Last month, California’s Fourth Appellate District recognized a claim for intentional interference with an expected inheritance (IIEI) in Beckwith v. Dahl. Prior to Beckwith, anyone who expected to inherit according to a California will or trust could only sue to overturn an instrument in probate court. In order to do so, however, a party must have standing. Anyone related to a decedent by blood would have little difficulty establishing standing in probate court. In contrast, an unmarried partner or friend who was cut out of a will at the last minute would likely be unable to establish standing.
In Beckwith, the decedent, Marc MacGinnis, was in a long-term committed relationship with Brent Beckwith. The couple lived together and at times engaged in joint business dealings. MacGinnis reportedly prepared a will on his computer that left half of his estate to Beckwith and half to his only surviving relative, Susan Dahl. Dahl was MacGinnis’ estranged sister. Unfortunately, MacGinnis failed to print or sign his purported will before his health began to decline.
In May 2009, MacGinnis underwent surgery on his lungs. Prior to surgery, he asked Beckwith to print the will he prepared on his computer and bring it to the hospital for his signature. After Beckwith was unable to locate the will, MacGinnis asked him to prepare a new one for him to sign. Prior to presenting the will to MacGinnis for signature, Beckwith emailed a copy to Dahl. Dahl responded by stating she believed creating a living trust would be more beneficial than a will. Dahl then agreed to have a friend prepare a trust document for MacGinnis to sign. Because Beckwith was waiting on trust documents from Dahl, he never presented the written will to MacGinnis who was immediately placed on a ventilator following his surgery. Less than one week later, MacGinnis died intestate after Dahl had him removed from the ventilator in accordance with physician recommendations.
Two weeks after MacGinnis died, Dahl opened probate proceedings in Los Angeles Superior Court and failed to identify Beckwith as an interested party. In January 2010, Dahl petitioned the court for final distribution of MacGinnis’ estate. When Beckwith attempted to oppose Dahl’s petition, the probate judge informed him that he had no standing in the case.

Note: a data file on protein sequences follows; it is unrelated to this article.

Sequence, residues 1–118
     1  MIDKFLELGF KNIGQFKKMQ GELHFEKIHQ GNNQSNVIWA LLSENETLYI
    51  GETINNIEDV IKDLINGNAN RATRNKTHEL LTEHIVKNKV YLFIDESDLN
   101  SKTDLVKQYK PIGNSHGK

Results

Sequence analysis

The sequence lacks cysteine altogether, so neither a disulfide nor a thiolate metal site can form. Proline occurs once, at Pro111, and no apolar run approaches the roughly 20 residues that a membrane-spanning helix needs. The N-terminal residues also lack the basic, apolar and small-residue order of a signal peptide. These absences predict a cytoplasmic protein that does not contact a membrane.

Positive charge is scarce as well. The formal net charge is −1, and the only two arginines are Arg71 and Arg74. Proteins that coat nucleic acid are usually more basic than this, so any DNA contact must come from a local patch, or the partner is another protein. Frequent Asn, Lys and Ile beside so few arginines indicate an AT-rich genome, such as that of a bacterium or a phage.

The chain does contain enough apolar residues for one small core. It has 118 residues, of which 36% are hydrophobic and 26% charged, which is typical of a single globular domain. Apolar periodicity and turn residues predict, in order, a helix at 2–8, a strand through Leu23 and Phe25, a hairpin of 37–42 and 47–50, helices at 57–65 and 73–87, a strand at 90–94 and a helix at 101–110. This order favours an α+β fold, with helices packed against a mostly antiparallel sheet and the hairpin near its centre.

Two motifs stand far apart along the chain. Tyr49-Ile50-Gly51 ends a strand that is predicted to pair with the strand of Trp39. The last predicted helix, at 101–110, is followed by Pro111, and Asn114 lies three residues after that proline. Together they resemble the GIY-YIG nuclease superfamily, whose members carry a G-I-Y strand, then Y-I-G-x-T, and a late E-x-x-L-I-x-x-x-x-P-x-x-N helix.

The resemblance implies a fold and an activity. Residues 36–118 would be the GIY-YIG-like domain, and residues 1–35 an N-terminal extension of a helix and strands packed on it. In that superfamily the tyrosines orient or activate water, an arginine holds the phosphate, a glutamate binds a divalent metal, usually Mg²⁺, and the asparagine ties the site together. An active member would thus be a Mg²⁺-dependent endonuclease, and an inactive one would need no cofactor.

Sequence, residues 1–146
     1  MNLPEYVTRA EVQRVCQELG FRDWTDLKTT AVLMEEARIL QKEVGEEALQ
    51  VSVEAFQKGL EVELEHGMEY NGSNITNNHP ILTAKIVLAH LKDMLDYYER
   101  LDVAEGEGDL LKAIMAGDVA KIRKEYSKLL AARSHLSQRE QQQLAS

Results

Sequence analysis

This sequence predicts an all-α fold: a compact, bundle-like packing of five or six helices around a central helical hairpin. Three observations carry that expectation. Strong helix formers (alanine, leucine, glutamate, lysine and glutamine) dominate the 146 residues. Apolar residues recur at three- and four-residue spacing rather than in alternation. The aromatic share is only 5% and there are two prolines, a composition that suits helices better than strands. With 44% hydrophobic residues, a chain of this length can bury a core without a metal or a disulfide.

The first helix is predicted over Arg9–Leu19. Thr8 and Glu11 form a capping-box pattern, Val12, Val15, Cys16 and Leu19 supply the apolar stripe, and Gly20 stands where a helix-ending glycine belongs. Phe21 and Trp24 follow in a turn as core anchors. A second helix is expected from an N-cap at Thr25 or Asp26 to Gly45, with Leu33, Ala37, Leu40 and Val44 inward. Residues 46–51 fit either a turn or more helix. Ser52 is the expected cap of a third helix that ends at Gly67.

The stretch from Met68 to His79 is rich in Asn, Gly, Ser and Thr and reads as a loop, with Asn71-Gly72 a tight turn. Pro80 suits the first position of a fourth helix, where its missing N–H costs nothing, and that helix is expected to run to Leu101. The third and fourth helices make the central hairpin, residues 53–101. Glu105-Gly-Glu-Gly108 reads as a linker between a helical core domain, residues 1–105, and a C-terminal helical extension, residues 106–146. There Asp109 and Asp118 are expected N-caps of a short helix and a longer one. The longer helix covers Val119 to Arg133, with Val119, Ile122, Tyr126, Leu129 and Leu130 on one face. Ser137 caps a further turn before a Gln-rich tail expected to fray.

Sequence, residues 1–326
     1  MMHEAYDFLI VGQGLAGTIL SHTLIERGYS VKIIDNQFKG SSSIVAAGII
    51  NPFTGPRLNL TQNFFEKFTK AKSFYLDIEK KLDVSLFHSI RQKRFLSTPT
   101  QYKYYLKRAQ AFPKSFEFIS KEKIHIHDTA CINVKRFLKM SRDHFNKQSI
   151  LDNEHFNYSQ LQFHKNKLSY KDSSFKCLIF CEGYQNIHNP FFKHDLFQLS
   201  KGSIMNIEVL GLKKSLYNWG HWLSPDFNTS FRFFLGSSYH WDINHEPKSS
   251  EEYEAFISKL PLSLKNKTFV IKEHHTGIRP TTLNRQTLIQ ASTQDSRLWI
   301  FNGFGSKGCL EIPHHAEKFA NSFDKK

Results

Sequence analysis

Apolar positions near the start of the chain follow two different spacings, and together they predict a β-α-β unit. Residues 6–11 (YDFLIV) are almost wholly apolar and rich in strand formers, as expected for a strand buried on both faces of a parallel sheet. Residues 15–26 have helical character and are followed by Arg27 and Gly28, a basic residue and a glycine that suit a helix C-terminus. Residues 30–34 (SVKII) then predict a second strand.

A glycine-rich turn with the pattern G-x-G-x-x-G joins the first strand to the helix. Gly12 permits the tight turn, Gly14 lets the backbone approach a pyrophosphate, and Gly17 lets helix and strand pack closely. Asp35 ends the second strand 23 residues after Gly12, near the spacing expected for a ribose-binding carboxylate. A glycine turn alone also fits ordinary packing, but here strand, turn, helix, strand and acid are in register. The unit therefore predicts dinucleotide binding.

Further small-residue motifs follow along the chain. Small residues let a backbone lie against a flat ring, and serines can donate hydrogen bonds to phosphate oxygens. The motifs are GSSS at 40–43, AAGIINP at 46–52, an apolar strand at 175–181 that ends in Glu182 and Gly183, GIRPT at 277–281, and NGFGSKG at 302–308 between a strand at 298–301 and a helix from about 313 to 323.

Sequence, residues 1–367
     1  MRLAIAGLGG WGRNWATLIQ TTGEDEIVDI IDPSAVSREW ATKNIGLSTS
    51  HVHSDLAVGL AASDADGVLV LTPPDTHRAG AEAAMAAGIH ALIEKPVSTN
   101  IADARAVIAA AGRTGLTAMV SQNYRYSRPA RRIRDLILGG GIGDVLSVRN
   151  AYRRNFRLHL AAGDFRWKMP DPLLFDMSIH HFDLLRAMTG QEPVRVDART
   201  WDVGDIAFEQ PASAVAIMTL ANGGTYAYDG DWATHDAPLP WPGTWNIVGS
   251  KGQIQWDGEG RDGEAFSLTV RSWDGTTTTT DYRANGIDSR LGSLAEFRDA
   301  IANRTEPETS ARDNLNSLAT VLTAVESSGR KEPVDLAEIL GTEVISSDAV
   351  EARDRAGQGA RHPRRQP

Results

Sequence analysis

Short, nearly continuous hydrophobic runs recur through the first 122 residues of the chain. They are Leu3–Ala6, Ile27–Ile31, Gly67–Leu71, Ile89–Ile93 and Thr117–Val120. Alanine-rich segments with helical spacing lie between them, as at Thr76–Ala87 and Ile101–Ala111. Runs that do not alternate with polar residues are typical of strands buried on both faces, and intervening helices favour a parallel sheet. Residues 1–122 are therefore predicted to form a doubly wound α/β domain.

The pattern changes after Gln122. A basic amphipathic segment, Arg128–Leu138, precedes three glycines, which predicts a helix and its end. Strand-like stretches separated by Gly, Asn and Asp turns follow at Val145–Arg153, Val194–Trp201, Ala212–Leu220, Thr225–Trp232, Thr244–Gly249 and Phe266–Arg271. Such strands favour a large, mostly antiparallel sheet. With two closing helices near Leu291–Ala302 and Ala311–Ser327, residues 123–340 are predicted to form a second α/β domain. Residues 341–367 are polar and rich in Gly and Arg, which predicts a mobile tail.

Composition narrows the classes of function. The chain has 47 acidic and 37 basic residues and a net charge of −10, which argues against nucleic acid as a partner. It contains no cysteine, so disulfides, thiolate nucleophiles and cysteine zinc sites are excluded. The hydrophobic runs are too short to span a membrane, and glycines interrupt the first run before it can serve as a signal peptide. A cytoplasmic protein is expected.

On July 20, 2010, Beckwith brought a civil action against Dahl for IIEI, negligence, and deceit by false promise. The trial court stated recognition of the IIEI tort in the State of California was a matter for an appellate court and dismissed Beckwith’s entire complaint without leave to amend. Beckwith timely filed an appeal with California’s Fourth Appellate District.
The appellate court examined whether California should recognize a tort remedy for IIEI. Previous California cases that considered the tort never expressly recognized or declined to recognize IIEI. Although the tort was not previously recognized in California, it was recognized in twenty-five of the forty-two states that have considered the cause of action. After discussing the policy considerations associated with recognizing IIEI, the Fourth Appellate District stated the tort applies in California cases where a party cannot bring a claim in probate court.
Although the appellate court recognized the IIEI tort, it ruled that Beckwith failed to sufficiently allege the requirements for the tort in his complaint. According to the court, Beckwith could not bring a claim for IIEI because Dahl’s actions were directed at Beckwith instead of the decedent. The court remanded the case after holding Beckwith had sufficiently pleaded a case for fraud against Dahl based on her alleged lies regarding the creation of a trust document.